Picture Gallery 17


View From Prospect Hill.JPG

Maj. Reuben Metcalf (1769-1827) Monument At Far Right


J. W. Prouty Dress Display.jpg


Luke Ferriter, 3rd Vermont Infantry, Company A.jpg

Luke Ferriter, Third Vermont Infantry, Company A

Photograph By Hayes Bigelow

Vermont Phoenix, September 10, 1926


William A. Conant Violin 1881.jpg


Railroad Station Proposal 1909.jpg

Proposed Railroad Station 1909

Charles O. Robbins, Lyman E. Holden, Charles R. Crosby, Special Committee


Proposed Railroad Station 1909.jpg


Nehemiah Horton, Hosea Horton.jpg


Hosea Horton was born in Guilford, Vermont, on December 13, 1781 to Nehemiah Horton and Philadelphia Marsh. Eventually he had thirteen brothers and sisters. Hosea married Chloe Beebe in Brattleboro on October 24, 1805. He owned a farm in Guilford on the one hundred acre Lot No. 5 from 1830-1837, finally selling it to Timothy K. Horton. Hosea Horton died in Bemiston, Massachusetts on February 14, 1862. Battleboro' is a printer's error.


Grist Mill Dam 1903.jpg

Grist Mill Dam, Melrose Street 1903


William Plummer, August 9, 1808.jpg


Ola H. Prouty.jpg

This is the postmortem photograph for Ola H. Prouty, who died in West Brattleboro after being dangerously ill with spinal meningitis at the age of two years and six months. She was born on December 12, 1890 and died on June 15 or June 16, 1893. Her parents were George B. Prouty and Louise Maryline Alexander.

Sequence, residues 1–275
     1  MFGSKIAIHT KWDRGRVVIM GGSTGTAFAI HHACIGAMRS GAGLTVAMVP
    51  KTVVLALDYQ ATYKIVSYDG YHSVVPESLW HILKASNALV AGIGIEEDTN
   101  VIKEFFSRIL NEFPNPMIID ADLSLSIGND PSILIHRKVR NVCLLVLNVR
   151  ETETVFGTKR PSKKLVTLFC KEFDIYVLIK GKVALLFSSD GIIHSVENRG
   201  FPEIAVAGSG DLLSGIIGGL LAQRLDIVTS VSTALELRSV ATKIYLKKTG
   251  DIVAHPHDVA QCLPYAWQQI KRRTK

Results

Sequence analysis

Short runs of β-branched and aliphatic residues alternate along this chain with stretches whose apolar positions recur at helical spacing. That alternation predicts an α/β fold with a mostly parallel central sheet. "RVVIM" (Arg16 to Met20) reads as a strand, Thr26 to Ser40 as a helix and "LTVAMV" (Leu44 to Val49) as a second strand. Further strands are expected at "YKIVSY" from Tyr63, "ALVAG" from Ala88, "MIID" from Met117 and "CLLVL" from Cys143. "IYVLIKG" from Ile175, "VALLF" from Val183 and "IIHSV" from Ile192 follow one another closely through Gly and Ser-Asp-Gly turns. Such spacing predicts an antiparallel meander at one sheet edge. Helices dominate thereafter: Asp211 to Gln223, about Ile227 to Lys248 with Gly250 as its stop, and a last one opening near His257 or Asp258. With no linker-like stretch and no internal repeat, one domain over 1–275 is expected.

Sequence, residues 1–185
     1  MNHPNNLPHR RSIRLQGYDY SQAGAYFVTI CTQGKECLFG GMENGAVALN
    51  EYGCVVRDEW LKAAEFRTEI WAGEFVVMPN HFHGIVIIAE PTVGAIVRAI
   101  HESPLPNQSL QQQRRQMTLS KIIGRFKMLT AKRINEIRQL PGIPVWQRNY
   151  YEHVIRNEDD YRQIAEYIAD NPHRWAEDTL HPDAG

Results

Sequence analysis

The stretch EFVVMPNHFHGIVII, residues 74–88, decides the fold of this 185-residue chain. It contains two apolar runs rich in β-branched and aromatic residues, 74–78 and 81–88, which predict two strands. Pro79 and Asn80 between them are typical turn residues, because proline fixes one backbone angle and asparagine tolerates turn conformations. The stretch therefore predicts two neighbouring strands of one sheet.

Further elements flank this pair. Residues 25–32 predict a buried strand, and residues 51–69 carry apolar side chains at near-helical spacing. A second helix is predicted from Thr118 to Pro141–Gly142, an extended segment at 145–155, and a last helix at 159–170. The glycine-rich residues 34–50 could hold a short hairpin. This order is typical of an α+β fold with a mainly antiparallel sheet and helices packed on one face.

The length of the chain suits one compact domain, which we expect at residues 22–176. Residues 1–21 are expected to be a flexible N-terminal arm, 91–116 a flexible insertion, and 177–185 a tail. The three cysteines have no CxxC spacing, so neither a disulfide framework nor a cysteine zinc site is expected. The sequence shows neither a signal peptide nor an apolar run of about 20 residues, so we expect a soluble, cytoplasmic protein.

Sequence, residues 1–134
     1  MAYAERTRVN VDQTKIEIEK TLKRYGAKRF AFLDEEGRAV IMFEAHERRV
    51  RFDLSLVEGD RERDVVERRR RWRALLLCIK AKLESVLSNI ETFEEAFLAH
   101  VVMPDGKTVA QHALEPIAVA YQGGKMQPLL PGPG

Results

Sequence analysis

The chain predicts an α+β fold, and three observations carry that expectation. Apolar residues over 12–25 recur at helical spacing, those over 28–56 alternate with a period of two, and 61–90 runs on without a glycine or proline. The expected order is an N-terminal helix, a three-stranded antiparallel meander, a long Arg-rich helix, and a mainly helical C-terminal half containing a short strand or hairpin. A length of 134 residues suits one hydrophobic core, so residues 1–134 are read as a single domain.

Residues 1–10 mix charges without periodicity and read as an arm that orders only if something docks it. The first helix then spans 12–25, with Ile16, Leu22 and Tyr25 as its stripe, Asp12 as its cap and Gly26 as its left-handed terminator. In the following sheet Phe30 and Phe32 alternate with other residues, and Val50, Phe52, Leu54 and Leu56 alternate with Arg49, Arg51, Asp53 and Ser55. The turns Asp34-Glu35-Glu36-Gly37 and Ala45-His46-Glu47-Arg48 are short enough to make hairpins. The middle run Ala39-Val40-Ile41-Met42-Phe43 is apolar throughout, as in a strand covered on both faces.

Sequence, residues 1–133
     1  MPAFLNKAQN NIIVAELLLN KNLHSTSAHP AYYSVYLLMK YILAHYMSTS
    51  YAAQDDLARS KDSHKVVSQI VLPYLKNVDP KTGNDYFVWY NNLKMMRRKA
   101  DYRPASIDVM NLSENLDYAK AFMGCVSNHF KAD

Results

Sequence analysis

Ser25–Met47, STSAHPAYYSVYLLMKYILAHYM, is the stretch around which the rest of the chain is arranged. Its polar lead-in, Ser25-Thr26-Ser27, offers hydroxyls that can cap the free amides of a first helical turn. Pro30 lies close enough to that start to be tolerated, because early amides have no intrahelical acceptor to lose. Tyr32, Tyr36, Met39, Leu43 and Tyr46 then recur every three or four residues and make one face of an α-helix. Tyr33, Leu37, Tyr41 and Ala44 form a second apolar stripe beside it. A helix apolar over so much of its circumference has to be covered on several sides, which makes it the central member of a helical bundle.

The name Ola is from the Norse language for "ancestor" or "relic", but perhaps a better translation in this case would be "heirloom"---a family treasure? The name is given to both males and females, but especially to girls in late nineteenth century America.


Richard Williston.jpg


The "roram" hat was made from wool or felt, with a facing of long beaver fur felted in, the first step toward an imitation beaver hat at a time when that animal was becoming scarce from extensive trapping. Roram was especially popular for the two decades beginning in 1800.


Richard Williston was born in Springfield, Massachusetts on April 24, 1778 to Israel Williston and Phebe Chapin. Richard may have felt that the Hatting Business was unpleasant and dangerous, and that escaping was advisable.


Edward Stebbins is buried in the Mather Street Cemetery, also called the West Brattleboro Cemetery. He was born in Springfield, Massachusetts on February 20, 1770, and died on November 3, 1806, aged thirty-six. His wife was Anna Taylor.


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